While speaking with Adam Mosseri, head of Facebook-owned Instagram, during a live streamed video, Zuckerberg also said the social network will launch ‘creator shops’ as part of the ecommerce push.
The announcements are part of Facebook’s effort to serve the ‘creator economy,’ in which social media influencers, journalists and others are earning money directly from their fans on platforms, including, Patreon, Substack and YouTube.
Facebook will build an affiliate program that will let creators earn a cut of sales from the products they recommend, Zuckerberg said.
A Facebook spokeswoman declined to say how much creators will earn or the timeline to roll out the features.
The new marketplace to connect creators with brands will help more users with mid-sized followings earn money, Mosseri said. A growing concern in the creator economy is income disparity, where top social media personalities often garner outsized earnings, but smaller creators can struggle to make a living.
‘If we can help with matchmaking, we can help drive more dollars to the smaller creators who can do amazing work for brands,’ Mosseri said.
The announcements are another effort to catch up with the popular short-form video app TikTok, which has tested ecommerce features like live-streamed shopping. Last year, Instagram launched a direct competitor to TikTok, called Reels.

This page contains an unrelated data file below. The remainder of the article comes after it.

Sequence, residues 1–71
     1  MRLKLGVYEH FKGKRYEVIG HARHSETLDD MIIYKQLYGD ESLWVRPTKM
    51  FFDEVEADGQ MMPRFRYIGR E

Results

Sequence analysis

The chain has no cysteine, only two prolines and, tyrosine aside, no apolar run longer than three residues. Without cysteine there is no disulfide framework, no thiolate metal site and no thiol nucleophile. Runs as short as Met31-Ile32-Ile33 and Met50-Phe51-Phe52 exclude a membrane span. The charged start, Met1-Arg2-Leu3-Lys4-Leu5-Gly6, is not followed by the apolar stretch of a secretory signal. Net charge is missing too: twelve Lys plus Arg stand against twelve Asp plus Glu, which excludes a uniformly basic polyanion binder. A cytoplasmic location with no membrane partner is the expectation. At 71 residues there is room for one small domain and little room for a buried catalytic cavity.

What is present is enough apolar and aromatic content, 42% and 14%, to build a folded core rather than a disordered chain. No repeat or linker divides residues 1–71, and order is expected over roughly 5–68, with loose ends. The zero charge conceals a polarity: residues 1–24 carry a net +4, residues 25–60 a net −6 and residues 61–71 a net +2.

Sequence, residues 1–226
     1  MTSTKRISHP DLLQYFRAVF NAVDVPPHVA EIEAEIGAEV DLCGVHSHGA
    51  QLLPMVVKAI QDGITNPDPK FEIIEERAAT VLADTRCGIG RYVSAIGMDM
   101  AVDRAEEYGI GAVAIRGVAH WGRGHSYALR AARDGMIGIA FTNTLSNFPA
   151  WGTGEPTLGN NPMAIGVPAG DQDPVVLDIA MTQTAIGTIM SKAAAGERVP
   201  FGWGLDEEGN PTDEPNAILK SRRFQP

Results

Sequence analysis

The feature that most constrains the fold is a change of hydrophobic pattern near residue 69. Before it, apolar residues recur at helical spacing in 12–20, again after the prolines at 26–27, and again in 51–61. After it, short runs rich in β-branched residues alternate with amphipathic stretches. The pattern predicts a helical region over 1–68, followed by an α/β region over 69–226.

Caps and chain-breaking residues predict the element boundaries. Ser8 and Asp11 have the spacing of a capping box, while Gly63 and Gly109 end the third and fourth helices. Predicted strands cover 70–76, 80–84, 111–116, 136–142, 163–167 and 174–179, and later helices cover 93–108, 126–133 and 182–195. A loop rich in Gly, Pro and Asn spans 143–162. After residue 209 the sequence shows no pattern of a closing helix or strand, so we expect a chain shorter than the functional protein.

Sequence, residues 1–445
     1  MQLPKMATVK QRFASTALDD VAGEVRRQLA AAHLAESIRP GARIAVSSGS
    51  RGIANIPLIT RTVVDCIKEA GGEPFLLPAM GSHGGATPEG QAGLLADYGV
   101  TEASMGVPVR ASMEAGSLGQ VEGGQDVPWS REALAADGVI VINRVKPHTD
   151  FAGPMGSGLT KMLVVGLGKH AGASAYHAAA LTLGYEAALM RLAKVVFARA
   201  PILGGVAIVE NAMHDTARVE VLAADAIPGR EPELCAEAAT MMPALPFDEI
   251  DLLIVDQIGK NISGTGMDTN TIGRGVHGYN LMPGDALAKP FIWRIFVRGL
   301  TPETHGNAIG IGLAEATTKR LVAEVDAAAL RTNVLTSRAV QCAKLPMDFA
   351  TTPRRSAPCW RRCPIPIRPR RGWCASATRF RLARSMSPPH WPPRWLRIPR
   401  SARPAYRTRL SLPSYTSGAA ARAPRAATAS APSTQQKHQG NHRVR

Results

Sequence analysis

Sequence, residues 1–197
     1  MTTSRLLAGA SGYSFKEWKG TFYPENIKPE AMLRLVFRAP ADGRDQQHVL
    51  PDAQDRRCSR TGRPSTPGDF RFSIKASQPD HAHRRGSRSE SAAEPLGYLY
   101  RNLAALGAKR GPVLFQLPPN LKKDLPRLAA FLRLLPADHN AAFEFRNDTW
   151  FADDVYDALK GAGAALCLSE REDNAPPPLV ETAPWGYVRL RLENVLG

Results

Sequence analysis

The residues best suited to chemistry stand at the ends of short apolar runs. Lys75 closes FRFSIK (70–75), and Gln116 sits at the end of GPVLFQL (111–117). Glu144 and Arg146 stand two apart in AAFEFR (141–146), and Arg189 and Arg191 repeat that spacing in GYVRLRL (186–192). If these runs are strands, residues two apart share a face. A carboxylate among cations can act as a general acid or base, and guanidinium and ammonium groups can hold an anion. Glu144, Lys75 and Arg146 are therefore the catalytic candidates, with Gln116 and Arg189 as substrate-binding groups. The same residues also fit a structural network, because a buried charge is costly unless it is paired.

Facebook said last month it would let creators earn ad revenue from videos as short as one minute, and expand its ‘Stars’ virtual currency, which people can give out as a form of tipping to their favourite content creators.
Facebook, Twitter Instagram: Tips & Tricks To Keep Social Media Private
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It seems counter intuitive – after all, social media helps you share your opinions
and speak to a larger audience. But thanks to rampant identity theft and online stalking, there is a solid argument to be made to target your social posts instead of keeping them public. Karan Bajaj shows you how.